Eiopa urges EU insurers to take contingency measures, while UK supervisors reveal Brexit plans
The European Insurance and Occupational Pensions Authority (Eiopa) urged European insurers to form specific plans for the UK’s withdrawal from the European Union in March 2019.
The supervisor deems top priority the protection of consumers and beneficiaries with cross-border contracts, stating that the National Competent Authorities (NCAs) are playing a pivotal role to ensure that a smooth transition will take place.
Eiopa is concerned with insurance contracts which will conclude before the withdrawal date. These contracts are going to be valid after that date, so insurers should be able to continue the service and fulfil their obligations to the customers.
There are currently many options within legal frameworks that firms can choose from to ensure service continuity. For example, the transfer of contracts to a subsidiary within the EU or the UK, depending on where the insurer is based, the establishment of a third country branch, or the change of domicile of a UK insurer in the legal form of a European company.
Eiopa also reminds insurers that they have to give as much information as possible to the consumers on how UK’s withdrawal will affect the contracts. They should also as explain their contingency plans and what would the impact be on contractual rights and on the provision of services, before their clients can decide on whether to conclude or renew their contract.
The information could be about a change of the contractual counterparty in cases where the portfolio of insurance contracts is transferred to another entity or the potential loss of protection provided by any existing national compensation scheme due to a portfolio transfer to an entity located in another jurisdiction.
To this, NCAs will have to step up their supervisory actions to ensure that local insurers have or will create their contingency plans and that they are giving enough information to their clients. Eiopa proposes a continuous dialogue between national supervisors to establish a comprehensive review of the insurers’ actions.
Read Eiopa’s opinion here: Link 1.
In the meantime, German insurers have called for a ‘test procedure’ to ascertain ‘equivalence’ status of the UK to start immediately after
In its latest briefing note to insurers on the March 2019 divorce, the German trade association, GDV said that starting the equivalence testing “as early as possible’ post-Brexit offered the best hope for “cross-border business [to] continue as smoothly and effectively as possible”.
Earlier this month, industry lobby group the City UK had asked regulators of both sides (https://insuranceerm.com/news-comment/regulators-urged-to-step-up-for-cross-border-contracts-after-brexit.html) to come up with plans to protect cross-border contracts after Brexit.
“It is important for regulators to issue commitments about the future treatment of these contracts to act as a regulatory backstop in the event that the transitional period fails to materialise,” the City UK had said.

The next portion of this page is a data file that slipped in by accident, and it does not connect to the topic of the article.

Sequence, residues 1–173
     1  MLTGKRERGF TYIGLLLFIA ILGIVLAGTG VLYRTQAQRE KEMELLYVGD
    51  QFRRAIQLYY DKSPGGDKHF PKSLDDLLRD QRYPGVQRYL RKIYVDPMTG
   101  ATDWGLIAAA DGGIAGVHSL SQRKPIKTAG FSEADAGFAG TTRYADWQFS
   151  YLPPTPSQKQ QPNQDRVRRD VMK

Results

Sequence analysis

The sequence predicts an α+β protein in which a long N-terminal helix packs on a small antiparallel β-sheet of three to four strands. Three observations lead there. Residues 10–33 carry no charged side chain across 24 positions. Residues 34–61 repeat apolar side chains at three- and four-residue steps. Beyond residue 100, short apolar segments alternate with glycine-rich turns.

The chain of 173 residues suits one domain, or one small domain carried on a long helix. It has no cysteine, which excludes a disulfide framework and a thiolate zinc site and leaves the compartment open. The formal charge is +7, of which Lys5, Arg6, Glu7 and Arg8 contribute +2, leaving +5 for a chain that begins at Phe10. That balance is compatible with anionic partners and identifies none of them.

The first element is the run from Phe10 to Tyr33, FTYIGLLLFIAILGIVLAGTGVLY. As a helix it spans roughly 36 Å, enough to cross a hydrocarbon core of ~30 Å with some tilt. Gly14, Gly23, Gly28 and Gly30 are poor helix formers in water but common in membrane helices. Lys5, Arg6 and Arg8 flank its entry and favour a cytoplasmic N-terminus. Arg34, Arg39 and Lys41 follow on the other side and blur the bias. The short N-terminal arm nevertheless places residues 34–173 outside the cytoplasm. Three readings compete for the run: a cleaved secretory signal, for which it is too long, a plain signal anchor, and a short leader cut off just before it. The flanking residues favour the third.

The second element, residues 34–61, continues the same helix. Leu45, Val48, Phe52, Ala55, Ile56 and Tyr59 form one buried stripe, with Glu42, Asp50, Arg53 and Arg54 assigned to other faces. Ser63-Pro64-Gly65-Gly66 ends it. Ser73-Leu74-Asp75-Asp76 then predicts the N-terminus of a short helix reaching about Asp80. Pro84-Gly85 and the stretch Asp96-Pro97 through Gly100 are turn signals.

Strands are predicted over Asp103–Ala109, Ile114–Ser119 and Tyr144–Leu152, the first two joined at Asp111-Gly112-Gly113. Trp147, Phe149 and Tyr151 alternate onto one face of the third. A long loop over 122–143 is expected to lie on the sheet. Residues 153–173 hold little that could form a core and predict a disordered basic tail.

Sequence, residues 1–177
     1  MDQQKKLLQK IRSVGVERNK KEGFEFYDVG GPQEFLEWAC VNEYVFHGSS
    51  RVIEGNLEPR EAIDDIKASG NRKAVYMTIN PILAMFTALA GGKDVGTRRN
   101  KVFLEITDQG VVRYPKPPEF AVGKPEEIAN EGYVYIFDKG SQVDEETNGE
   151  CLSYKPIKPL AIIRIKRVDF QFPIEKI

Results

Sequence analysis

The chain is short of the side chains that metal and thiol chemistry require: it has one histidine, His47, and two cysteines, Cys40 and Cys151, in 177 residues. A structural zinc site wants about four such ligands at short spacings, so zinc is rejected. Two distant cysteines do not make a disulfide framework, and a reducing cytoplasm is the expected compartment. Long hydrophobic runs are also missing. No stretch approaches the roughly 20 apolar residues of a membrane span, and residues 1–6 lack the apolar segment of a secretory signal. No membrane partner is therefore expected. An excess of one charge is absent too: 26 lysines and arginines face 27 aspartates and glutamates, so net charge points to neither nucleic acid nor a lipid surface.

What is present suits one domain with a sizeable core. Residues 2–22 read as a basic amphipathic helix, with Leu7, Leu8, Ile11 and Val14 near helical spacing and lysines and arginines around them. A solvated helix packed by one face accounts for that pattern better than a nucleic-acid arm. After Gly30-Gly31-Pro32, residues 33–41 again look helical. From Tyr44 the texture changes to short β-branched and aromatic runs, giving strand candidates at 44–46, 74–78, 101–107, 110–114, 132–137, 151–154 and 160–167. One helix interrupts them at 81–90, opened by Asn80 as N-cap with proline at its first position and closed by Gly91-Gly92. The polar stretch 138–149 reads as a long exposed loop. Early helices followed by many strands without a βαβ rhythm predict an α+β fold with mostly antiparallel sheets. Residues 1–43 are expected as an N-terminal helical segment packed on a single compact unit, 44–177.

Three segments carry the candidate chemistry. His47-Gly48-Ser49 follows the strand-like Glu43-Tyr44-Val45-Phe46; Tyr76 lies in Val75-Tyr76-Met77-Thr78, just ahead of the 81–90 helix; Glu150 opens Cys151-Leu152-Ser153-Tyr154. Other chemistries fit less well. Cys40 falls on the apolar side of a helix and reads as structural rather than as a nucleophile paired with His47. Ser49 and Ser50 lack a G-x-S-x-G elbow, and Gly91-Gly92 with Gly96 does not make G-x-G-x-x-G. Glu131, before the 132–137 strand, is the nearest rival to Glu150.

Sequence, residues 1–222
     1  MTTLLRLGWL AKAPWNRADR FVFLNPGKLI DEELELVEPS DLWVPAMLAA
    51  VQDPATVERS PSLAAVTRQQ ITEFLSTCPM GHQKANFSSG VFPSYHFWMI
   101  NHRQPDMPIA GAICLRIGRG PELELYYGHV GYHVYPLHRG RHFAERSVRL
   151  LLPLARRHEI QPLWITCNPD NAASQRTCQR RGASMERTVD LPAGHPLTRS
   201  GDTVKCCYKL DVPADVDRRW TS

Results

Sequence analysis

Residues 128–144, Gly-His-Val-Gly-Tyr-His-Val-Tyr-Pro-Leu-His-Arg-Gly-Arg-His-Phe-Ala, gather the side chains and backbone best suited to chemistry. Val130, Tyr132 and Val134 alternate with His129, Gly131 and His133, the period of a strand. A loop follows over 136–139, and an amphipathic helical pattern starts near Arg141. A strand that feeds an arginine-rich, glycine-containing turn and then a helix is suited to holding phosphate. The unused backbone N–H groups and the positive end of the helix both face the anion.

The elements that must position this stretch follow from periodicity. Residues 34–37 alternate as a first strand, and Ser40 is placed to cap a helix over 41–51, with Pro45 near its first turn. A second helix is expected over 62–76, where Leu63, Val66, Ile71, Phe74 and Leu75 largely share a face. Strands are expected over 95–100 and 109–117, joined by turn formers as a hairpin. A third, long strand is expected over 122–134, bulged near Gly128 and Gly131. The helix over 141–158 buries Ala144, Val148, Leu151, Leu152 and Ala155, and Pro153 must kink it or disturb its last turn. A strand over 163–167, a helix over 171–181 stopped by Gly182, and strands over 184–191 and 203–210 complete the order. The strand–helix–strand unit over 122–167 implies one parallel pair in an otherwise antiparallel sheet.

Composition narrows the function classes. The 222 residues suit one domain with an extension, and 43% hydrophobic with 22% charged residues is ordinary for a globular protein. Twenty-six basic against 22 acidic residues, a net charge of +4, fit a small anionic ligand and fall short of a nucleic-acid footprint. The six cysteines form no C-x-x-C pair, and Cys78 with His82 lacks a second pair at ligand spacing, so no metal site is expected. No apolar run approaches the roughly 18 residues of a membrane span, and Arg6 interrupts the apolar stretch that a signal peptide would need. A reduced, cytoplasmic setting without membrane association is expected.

The UK prepares for a “no-deal” scenario
Regulators in the United Kingdom have announced their Brexit strategies, following the Treasury’s contingency plans, especially if the negotiations end with no deal between the two parties.
The Treasury, among others, will distribute additional powers to the financial services regulators to address any deficiencies as a result of Brexit. In a no-deal scenario, the Government will allocate EU functions to the appropriate financial services regulator.
The Financial Conduct Authority (FCA) and the Bank of England (BoE), the Prudential Regulation Authority (PRA) and the Payment Systems Regulator (PSR) will introduce transitional measures, to ensure that there is a functioning legislative and regulatory framework if the UK lose complete access to the single market.
The authorities will be working on a thorough review of EU and UK laws to spot and amend any differences or gaps between the two legislative frameworks while ensuring that the European regulations will be fully incorporated into the British legal system.
The Treasury will introduce a Temporary Permissions Regime (TPR) whereby EEA firms will continue to operate in the UK for a limited time after UK’s departure from the EU, despite the loss of their passporting rights. Also, there will be additional regimes for entities operating cross-border and outside of the passporting framework.
Read the full announcement: Link 2, Link 3.
Following the Treasury’s announcement, the Bank of England issued a press release: Link 4, on how it intends to assume responsibilities after Brexit. The regulator will consult on changes in the Binding Technical Standards (BTS) taken from the EU this autumn, together with the FCA.
The proposed changes will be submitted for review and comments by firms and, depending on the negotiations’ outcome, they may come into force on 29 March 2019, in which case they will grant transitional relief to comply with the changes.
The FCA confirmed its intention to help firms adapt to the new legislative framework post-Brexit: Link 5, giving time to both UK and EU companies to comply with the new rules. The FCA underlines, however, that it will not make broader policy changes, but minor technical amendments to ensure that the framework remains functional.